Planning your foliage garden well means your garden can stay beautiful year round without flowers. Mixing leaf structures and plant heights adds interest. At the top you see Fern ‘lady fern’ mixed with Hosta ‘halcyon’ in my side garden at home. I love the blue of the hosta because it contrasts marvelously with the bright green of the soft, feathery-leaved ferns.
A favorite combination is to mix some coleus love into my shade vegetable containers. Lacinto Kale from Bonnie Plants and Coleus from Hort Couture’s ‘Under the Sea’ line make a fabulous color splash together. No flowers can be seen, but the foliage color is astounding and really adds to a shade patio container arrangement (see below).
Mixing Heuchera and Hosta together can be a brilliant foliage combination. In the garden bed above you see a random bed plan of Heuchera ‘snow angel’ and Heuchera ‘beaujolais’ mixed with Hosta ‘krossa regal’, Hosta ‘gold standard’, and Hosta ‘half and half’.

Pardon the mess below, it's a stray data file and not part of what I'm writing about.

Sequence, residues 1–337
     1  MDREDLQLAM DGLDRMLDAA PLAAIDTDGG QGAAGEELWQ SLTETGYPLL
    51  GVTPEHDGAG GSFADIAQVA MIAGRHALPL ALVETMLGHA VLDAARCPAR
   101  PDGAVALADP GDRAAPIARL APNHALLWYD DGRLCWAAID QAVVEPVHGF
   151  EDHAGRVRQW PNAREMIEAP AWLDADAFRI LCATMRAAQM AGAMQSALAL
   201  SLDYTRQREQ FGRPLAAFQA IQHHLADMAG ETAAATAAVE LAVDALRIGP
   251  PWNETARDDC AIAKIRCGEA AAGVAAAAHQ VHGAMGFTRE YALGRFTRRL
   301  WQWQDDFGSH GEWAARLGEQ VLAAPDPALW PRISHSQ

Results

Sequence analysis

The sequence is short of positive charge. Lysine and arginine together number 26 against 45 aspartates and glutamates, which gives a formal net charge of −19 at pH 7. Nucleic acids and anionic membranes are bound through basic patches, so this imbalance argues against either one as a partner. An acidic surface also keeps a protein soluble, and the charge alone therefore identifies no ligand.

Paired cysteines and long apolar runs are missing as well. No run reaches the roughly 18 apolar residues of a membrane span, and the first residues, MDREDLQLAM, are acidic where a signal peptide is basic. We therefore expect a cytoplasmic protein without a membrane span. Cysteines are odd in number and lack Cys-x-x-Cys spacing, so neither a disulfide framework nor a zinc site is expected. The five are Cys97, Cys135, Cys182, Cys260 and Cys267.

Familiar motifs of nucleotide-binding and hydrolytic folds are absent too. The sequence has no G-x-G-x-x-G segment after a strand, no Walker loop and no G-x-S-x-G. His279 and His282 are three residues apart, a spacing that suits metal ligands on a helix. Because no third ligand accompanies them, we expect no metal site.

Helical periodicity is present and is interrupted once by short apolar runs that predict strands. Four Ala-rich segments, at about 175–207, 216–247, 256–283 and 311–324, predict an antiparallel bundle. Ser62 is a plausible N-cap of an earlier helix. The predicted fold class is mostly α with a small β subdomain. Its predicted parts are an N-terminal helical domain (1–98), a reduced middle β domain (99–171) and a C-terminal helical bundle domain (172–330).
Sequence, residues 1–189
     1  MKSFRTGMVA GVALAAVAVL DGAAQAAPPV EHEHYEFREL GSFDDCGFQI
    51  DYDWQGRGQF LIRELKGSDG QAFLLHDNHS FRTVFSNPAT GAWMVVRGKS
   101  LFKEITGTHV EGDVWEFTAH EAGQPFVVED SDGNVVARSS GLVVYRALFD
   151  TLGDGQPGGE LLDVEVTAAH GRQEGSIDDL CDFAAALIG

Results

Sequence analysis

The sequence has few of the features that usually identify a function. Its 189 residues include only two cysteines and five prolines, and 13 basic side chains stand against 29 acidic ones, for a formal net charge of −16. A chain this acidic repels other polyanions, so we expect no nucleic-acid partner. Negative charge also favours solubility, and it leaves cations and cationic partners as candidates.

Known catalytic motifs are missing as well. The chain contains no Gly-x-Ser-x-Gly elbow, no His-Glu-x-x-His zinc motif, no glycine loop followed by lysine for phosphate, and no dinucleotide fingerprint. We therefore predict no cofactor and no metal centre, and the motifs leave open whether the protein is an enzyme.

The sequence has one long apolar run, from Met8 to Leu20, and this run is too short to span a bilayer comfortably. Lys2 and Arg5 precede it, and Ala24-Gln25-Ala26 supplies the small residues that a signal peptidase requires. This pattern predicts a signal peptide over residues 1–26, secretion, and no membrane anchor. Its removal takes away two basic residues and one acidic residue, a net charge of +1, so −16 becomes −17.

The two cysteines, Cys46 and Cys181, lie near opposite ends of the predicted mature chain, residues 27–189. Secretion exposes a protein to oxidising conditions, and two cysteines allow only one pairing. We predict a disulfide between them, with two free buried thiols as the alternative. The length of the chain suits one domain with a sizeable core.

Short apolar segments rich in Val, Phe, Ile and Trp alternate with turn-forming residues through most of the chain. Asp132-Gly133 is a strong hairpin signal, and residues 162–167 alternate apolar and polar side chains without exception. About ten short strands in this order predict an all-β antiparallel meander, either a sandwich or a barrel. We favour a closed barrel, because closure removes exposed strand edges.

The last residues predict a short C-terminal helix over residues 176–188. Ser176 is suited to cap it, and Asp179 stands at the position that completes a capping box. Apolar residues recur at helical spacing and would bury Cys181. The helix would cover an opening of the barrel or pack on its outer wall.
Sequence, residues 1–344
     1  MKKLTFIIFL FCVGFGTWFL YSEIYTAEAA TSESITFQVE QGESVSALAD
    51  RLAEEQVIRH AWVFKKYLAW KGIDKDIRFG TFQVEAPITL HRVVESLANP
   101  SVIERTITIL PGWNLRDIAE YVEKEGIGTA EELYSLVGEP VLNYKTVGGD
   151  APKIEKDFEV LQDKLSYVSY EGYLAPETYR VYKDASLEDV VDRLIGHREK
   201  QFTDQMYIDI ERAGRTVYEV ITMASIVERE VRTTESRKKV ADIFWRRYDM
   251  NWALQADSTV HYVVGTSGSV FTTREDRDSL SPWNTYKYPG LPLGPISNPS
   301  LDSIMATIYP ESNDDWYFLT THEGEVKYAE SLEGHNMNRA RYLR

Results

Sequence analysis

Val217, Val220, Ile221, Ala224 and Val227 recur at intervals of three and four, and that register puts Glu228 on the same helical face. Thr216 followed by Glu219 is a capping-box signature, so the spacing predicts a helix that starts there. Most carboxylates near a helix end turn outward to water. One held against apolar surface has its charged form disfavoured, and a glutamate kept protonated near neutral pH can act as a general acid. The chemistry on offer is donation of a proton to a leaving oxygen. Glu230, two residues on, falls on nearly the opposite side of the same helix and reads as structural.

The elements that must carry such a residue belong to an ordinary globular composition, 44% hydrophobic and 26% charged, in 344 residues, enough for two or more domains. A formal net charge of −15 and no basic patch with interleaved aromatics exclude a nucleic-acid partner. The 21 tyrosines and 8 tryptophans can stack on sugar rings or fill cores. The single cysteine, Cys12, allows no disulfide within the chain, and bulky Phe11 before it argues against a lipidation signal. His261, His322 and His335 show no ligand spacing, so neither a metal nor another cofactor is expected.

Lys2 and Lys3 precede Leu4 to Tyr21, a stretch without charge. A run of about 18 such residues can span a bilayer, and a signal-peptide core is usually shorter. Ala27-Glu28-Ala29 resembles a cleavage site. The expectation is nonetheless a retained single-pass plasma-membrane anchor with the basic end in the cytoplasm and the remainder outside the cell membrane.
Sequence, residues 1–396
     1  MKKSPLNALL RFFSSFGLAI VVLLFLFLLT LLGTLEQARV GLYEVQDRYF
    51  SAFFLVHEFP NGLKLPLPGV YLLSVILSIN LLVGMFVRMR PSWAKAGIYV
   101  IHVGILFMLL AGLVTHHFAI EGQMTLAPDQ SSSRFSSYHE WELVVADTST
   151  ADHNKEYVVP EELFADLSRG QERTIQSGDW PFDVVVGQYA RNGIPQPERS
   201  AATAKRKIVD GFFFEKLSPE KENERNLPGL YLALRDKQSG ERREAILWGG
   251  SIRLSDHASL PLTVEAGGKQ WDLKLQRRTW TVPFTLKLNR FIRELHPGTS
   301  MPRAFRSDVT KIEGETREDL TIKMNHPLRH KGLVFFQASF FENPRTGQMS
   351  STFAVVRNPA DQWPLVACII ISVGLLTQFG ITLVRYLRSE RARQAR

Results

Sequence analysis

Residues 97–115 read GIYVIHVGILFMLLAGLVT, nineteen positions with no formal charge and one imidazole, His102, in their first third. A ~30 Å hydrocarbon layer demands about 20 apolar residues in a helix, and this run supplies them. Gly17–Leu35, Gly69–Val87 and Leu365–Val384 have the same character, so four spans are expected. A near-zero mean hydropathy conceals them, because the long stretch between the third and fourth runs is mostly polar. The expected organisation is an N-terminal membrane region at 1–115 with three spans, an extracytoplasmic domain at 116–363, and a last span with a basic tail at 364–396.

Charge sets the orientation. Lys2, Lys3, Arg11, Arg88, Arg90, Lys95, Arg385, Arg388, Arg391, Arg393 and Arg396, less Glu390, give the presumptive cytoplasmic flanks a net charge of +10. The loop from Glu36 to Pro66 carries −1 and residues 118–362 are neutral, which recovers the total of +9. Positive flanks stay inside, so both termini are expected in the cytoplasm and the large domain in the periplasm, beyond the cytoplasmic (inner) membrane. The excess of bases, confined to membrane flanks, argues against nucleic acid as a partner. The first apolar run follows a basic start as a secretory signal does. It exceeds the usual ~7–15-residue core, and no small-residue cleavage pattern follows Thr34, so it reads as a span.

Want to keep your perennials in place while adding color and interest with glass? Bring whimsical glass accessories in to the garden beds. I have endless wine bottle paths (photo above) draped with ground cover and a fantastic bottle tree (photo right) I found at Carolee’s Herb Farm, a favorite stop whenever I am in central Indiana.
Bottle trees are a remarkably cool folk art brought from Africa and the Middle East centuries ago and were originally used to capture bad spirits. Now they capture color and light and bring a bit of joy to my suburban shade garden.
Below are two books I recommend to help you study up on filling your garden with color not found in a flower; Fine Foliage by Karen Chapman and Christina Salwitz is a delightful full color book which brings wonderful ideas for foliage color combinations, and Bottle trees.. and the Whimsical Art of Garden Glass by Felder Rushing is an outstanding full color celebration of creative glass-in-the-garden creations.
According the FTC, I need to let you know that I received products in this story at no cost in exchange for reviewing them.
Garden Obsession, Gardening, Get the Look, Plants | Tags:
books, bottle trees, bottles, christina salwitz, Coleus, edible, felder rushing, fern, fine foliage, Foliage, garden book, glass, heuchera, hosta, kale, karen chapman, perennial bed, perennials, Shawna Coronado, shed, vegetable, wine